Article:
The soft tissues overlying the spine are then closed in multiple layers and the skin closed with either staples or a nylon suture. The incision is then covered with a gauze bandage.
How Should I Prepare for this Procedure?
Make sure you understand the goals of the procedure as well as what you or your child can expect after surgery. Some people find it helpful to write down their questions and bring the list of questions to their appointments.
Make sure to tell your doctor about any medications or supplements that you or the patient are taking, especially medications that can thin the blood such as aspirin. Your doctor may recommend you or the patient stop taking these medications before the procedure. To make it easier, write all the medications down before the day of surgery.
Be sure to tell your doctor if you or the patient have an allergy to any medications, food, or latex (some surgical gloves are made of latex).
On the day of surgery, remove any nail polish or acrylic nails, do not wear makeup and remove all jewelry. If staying overnight, bring items that may be needed, such as a toothbrush, toothpaste, and dentures. You will be given an ID bracelet. It will include your or the patient’s name, birthdate, and surgeon’s name.
What Can I Expect After the Procedure?
How long will I stay in the hospital?
Usually patients stay in the hospital for several days following surgery. After a brief period of bed rest to allow for wound healing, patients work with our highly trained physical therapists to increase their activity and return home at a high level of function. In some patients additional inpatient rehabilitation may be recommended.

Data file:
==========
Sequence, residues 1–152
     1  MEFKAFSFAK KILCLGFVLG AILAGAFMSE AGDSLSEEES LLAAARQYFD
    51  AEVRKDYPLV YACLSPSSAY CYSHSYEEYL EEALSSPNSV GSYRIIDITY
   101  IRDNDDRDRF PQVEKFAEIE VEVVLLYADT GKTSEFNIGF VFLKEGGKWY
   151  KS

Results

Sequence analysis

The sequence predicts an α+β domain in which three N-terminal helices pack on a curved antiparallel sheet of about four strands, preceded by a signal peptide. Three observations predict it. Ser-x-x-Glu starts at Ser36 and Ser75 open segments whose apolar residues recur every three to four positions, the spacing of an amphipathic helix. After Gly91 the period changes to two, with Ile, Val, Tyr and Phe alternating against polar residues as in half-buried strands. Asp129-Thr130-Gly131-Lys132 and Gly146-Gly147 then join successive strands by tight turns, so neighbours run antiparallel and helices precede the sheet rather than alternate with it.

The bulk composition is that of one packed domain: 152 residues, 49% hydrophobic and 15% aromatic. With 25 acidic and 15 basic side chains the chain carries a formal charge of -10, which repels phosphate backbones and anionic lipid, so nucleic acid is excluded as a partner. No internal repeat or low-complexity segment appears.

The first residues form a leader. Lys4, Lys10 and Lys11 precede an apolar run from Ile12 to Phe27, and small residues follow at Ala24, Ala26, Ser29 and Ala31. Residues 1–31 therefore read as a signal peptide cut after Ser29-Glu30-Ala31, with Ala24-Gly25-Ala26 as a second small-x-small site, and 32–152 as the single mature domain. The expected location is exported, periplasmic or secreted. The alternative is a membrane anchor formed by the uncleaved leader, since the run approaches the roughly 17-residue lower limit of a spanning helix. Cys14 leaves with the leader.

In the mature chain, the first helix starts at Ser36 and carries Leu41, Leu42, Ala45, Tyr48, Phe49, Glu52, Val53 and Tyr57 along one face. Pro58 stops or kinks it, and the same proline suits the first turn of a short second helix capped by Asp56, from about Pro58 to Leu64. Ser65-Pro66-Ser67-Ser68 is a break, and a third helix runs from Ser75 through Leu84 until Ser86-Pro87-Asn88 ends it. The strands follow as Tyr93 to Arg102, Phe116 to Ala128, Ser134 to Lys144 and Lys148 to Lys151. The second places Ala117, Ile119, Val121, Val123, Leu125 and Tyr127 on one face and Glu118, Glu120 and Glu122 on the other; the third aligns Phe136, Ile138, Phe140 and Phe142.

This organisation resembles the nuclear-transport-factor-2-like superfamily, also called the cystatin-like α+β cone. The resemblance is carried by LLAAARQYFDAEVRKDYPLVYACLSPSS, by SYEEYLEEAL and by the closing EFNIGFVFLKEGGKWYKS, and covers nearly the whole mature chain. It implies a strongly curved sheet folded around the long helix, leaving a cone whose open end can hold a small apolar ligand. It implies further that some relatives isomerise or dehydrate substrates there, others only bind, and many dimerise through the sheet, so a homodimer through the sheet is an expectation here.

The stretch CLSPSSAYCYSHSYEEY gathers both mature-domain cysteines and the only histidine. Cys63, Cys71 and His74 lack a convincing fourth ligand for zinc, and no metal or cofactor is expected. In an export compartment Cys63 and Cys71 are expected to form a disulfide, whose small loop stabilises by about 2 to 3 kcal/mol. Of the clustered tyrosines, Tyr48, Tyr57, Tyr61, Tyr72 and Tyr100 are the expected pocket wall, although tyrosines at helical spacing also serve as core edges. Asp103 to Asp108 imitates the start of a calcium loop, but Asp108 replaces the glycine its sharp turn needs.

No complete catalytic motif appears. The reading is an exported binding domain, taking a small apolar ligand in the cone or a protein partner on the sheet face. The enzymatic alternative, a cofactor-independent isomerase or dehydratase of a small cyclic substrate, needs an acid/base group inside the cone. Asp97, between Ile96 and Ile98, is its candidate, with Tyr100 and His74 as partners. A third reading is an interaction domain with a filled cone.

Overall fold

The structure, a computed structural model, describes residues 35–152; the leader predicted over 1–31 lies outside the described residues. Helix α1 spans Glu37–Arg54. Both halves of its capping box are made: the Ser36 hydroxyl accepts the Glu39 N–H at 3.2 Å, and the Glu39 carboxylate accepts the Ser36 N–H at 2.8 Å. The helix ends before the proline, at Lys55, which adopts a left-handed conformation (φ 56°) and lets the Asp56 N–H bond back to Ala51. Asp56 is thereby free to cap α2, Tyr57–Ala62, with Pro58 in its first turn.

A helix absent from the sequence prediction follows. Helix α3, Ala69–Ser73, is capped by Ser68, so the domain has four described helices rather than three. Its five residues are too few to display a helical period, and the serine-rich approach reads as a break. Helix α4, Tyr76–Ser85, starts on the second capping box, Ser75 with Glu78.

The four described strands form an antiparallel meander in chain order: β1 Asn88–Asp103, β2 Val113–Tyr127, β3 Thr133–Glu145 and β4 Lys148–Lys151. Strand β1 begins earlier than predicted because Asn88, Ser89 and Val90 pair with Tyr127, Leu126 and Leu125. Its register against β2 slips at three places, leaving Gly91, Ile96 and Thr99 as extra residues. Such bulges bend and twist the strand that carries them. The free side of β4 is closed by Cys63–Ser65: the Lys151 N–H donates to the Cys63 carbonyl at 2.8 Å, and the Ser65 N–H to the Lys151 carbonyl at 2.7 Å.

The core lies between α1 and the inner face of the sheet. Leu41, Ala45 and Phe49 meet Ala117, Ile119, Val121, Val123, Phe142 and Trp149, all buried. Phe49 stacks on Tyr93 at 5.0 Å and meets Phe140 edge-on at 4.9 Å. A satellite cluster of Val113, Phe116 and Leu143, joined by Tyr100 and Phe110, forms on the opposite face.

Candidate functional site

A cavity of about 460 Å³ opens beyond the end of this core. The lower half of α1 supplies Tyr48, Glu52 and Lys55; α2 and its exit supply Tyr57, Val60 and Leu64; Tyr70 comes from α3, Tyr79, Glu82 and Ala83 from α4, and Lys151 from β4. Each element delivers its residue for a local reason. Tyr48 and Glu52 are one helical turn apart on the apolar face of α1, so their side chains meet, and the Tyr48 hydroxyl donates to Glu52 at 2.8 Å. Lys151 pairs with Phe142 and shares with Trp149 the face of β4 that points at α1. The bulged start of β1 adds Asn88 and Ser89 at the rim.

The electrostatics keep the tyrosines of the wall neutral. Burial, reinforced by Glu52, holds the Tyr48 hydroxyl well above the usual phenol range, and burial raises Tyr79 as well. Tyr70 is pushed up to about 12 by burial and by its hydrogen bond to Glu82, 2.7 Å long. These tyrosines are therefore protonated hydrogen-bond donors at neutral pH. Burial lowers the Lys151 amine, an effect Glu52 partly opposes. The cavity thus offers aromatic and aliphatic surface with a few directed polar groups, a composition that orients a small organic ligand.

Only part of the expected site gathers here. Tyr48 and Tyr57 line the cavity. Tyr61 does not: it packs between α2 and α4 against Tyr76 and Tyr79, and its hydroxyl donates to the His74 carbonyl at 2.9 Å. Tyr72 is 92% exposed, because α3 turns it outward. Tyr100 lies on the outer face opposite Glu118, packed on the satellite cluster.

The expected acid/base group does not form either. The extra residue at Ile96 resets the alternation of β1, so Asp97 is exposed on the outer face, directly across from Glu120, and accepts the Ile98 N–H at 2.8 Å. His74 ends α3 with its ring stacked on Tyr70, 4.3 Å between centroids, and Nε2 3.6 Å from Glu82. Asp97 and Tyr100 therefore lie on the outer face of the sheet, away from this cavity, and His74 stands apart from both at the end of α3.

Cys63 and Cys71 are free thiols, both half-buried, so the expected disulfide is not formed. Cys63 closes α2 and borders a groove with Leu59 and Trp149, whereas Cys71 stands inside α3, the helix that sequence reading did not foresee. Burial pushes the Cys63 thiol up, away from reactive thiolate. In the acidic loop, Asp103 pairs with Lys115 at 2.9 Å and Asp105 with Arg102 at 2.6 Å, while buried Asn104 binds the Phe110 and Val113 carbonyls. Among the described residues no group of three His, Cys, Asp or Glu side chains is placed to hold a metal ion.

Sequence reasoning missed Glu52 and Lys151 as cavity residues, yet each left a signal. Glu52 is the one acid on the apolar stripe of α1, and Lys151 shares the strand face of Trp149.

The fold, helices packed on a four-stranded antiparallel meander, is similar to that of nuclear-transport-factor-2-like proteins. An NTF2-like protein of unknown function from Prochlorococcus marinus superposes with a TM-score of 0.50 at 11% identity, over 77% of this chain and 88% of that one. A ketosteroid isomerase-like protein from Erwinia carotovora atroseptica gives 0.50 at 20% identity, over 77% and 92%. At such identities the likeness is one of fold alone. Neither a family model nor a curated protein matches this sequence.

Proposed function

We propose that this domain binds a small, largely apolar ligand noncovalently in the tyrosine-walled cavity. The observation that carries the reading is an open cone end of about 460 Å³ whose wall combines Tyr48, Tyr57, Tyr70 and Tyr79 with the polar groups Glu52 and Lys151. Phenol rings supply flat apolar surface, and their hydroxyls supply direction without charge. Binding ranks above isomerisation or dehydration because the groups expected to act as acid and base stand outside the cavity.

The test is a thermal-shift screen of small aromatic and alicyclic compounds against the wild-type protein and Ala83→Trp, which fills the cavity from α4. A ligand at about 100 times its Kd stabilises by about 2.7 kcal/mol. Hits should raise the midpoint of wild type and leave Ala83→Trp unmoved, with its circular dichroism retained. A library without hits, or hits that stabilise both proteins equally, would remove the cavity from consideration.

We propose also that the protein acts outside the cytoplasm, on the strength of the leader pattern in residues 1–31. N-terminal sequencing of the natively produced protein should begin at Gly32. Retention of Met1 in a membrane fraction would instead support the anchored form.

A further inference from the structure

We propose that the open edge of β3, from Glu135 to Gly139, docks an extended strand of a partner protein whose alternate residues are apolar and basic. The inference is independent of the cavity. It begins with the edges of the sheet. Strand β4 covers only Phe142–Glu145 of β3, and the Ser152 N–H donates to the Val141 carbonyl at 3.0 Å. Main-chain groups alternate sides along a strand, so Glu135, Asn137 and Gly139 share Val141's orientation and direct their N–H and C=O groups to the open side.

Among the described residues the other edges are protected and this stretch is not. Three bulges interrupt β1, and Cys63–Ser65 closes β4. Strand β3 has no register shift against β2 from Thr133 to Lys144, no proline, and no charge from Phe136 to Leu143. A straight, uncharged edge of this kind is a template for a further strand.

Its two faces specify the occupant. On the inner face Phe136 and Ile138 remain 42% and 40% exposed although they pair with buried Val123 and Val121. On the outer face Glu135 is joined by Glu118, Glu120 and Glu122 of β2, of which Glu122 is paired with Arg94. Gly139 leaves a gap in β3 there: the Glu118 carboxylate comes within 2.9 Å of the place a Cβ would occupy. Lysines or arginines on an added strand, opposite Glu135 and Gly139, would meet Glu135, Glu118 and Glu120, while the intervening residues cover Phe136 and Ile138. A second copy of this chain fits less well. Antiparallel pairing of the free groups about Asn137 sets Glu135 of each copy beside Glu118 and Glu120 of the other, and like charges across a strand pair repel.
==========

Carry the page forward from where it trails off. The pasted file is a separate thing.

Will I need to take any special medications?
Postoperative discomfort is usually managed with oral pain medication for a short time period following discharge from the hospital. Your doctor will let you know what is safe to take.
Will I need to wear a collar or a brace?
In most circumstances you will not need to wear a brace following the procedure.
When can I resume exercise?
Patients are usually encouraged to increase their activities as they are able to tolerate; however, strenuous activity is not recommended until approved by the surgeon.
Will I need rehabilitation or physical therapy?
In some cases, it may be recommended that you see a physical therapist or rehabilitation specialist. Following discharge from the hospital, patients may receive either inpatient or outpatient rehabilitation. The specifics of rehabilitation vary depending on the surgery’s location and the patient’s condition.
Will I have any long-term limitations due to microsurgical tumor removal?
In most patients there will be no long-term limitations or restrictions following microsurgical tumor removal.
Preparing for Your Appointment
Drs. Paul C. McCormick, Michael G. Kaiser, Alfred T. Ogden, Christopher E. Mandigo, Patrick C. Reid, Richard C. E. Anderson (Pediatric), and Neil A. Feldstein (Pediatric) are experts in spinal cord tumor resection.